|• Mayor||Daniel Durecu|
|Area1||14.51 km2 (5.60 sq mi)|
|• Density||180/km2 (470/sq mi)|
|INSEE/Postal code||76219 / 76560|
|Elevation||85–156 m (279–512 ft)
(avg. 120 m or 390 ft)
1 French Land Register data, which excludes lakes, ponds, glaciers > 1 km² (0.386 sq mi or 247 acres) and river estuaries.2 Population without double counting: residents of multiple communes (e.g., students and military personnel) only counted once.
- Coordinates: 0.785 E, 49.722 N.
- Altitude of the commune: mean 120 m, lowest: 85 and highest 156 m.
- Area of the commune: 14.51 km2 (5.60 sq mi).
- Altitude of the canton: about 150 m (500 ft.
- Area of the canton: 101.58 km2 (39.22 sq mi).
Since 1793, the population has varied between 3,792 and 1,993. In the early 21st century, it is 87% of that at the dawn of the nineteenth, when there was more demand for labour on the land.
Source: Ehess et INSEE
At Doudeville, the General Assemblies of linen producers were held regularly - which is where the idea of Doudeville's claim to be linen capital arose. In the nineteenth century, there was a trade in linen cloth and canvas; enough to employ 8,000 people in ten businesses in the region.
Guy de Maupassant set a good number of his stories in this region. "The yard of the farm, enclosed by trees, seemed to sleep ... The shade of the apple trees gathered itself round their feet and the thatched roofs of the buildings at the summit of which grew irises ..." from The Story of a Farm Girl (Histoire d'une fille de ferme) by Guy de Maupassant. For more, see Pays de Caux.
In Gustave Flaubert's "Madame Bovary" Charles' father dies in Doudeville following a dinner with old military friends.
|The arms of Doudeville are blazoned :
Azure, a bend sinister, overall 3 sacks of wheat, the bottommost covering a sickle Or, and on a chief gules, 3 bees proper.
There are castles, manor houses with their dovecotes, majestic churches, little chapels and roadside calvaries carved from sandstone.
- Seventeenth century church.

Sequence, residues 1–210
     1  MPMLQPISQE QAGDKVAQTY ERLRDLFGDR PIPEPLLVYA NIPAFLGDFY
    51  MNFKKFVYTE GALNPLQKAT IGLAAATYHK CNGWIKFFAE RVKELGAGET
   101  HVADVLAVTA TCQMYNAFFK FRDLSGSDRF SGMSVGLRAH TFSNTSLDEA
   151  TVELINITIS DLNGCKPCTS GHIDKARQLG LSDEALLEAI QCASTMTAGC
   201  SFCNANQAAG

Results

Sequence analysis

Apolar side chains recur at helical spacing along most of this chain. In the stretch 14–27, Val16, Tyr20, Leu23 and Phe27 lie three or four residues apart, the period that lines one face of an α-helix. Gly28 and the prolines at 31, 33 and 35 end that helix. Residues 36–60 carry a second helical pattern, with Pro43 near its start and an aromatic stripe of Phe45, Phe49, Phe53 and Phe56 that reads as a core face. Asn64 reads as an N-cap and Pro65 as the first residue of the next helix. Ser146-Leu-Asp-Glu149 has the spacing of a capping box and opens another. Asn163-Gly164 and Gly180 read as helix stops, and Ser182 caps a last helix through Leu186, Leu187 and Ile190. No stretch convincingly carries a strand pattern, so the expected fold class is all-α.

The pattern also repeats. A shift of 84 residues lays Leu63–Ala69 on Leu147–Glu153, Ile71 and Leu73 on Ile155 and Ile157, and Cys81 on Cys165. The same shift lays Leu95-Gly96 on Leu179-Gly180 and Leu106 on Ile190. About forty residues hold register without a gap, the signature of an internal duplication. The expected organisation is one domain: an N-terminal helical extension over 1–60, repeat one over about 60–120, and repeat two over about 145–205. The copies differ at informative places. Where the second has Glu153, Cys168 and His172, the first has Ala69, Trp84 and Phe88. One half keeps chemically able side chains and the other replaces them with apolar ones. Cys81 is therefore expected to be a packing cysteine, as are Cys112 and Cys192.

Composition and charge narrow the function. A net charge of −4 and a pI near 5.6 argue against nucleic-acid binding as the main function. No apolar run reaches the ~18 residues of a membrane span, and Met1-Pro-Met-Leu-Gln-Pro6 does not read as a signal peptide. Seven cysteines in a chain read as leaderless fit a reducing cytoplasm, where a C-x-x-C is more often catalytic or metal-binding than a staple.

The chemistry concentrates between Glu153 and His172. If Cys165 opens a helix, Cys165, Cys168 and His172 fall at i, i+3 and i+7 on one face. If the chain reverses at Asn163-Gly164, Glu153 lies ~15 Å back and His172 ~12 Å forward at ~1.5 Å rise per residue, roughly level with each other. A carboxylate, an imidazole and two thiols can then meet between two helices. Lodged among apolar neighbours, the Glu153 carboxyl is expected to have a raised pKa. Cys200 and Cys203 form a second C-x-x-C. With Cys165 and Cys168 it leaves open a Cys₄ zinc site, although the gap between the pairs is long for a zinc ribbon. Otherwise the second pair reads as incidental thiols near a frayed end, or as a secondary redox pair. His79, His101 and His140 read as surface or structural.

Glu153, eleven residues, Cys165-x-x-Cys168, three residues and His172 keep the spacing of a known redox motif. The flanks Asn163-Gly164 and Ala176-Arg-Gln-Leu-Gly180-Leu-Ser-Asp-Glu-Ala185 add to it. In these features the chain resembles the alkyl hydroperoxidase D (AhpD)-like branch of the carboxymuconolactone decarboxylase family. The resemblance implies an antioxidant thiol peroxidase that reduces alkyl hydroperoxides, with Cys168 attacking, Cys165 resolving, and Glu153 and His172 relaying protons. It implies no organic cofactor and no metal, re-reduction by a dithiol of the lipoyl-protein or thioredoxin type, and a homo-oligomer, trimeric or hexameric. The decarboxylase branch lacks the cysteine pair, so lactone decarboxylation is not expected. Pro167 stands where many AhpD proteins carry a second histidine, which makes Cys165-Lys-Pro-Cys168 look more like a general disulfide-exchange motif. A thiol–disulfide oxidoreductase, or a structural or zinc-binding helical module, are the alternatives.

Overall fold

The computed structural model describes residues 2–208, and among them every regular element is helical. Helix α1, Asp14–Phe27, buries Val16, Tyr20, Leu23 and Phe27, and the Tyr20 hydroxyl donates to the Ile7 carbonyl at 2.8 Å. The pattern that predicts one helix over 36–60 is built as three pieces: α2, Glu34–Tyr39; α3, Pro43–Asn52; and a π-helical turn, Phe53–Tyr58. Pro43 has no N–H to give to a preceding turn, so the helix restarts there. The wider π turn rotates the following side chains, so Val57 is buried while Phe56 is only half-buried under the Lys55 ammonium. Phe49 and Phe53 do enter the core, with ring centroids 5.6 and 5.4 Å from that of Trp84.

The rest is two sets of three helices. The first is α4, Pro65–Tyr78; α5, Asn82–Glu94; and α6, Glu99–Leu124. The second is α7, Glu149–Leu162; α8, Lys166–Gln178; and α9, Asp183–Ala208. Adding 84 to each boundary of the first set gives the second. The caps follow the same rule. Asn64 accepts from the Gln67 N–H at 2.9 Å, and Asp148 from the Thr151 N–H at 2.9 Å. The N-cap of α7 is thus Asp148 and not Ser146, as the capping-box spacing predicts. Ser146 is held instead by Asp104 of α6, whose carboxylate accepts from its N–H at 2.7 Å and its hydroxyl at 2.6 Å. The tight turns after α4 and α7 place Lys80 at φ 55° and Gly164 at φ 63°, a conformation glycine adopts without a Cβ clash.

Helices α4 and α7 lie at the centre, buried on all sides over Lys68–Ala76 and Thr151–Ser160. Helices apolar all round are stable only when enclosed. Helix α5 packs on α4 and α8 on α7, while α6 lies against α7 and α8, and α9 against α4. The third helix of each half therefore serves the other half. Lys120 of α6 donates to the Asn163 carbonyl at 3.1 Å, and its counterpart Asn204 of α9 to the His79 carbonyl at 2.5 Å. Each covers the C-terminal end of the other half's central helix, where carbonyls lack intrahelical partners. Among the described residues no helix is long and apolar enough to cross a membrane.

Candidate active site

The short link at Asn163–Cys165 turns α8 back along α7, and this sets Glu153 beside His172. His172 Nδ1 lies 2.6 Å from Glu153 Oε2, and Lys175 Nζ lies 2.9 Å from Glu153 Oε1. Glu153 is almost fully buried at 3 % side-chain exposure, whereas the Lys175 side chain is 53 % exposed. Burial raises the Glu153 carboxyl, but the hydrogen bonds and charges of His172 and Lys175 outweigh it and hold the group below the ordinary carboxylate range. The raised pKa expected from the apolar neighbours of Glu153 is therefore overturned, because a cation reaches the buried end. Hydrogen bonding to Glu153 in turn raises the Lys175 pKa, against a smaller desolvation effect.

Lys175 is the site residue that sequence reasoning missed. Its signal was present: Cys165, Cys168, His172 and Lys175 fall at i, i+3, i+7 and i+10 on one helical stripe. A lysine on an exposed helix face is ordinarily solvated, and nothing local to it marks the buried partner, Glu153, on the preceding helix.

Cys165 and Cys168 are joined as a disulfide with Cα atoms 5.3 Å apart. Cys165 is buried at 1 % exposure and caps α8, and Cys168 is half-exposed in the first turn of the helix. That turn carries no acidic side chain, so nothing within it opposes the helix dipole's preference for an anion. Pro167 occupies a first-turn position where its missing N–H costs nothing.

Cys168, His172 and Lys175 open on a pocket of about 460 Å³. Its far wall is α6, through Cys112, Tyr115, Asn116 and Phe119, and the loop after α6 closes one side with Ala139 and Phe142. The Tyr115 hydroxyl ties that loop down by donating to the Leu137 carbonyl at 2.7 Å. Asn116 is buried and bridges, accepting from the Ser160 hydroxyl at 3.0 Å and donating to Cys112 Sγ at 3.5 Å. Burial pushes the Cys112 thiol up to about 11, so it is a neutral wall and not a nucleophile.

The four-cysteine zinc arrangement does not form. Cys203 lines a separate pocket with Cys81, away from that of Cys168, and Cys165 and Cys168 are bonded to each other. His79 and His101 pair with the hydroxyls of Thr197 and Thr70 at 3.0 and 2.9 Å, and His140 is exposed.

- Château de Galleville (1680).
- In the villages around, imposing farms rub shoulders with the workers' and weaver's cottages.
- In the main villages around are the masters' houses of the rich manufacturers and merchants of the nineteenth and twentieth centuries who made their fortunes in the linen trade.
- For manor houses (manoirs), see Pays de Caux.
The Hôtel de Ville is a very large building in the Place du Général de Gaulle which was formerly la Place de l’Hôtel de Ville. It was built in about 1780 by François Louis Leseigneur; lord of Reuville and Galleville. Until the early nineteenth century, this was the trading centre for the linen cloth and siamoise, a cotton cloth which was common in the seventeenth and eighteenth centuries. In 1852, the building was bought by the town and refurbished. At that time, the ground floor was a grain market, a prison and the caretaker’s lodging. The first floor housed the places in which the duties of the mayor and of the justices of the peace were carried out. At one time, as in many market halls, the ground floor was not fully enclosed. There were wide arched openings. The square in front of it held several small market buildings where traders such as pork butchers, butchers and shoemakers worked. It has undergone a major refurbishment which was due for completion in September 2007.
- In June, in the season of the blue flowers, the town has its flax (linen) festival.
|Wikimedia Commons has media related to Doudeville.|
- Administrative Doudeville (in French)
- Pictures of Doudeville (French)
- INSEE statistics for Doudeville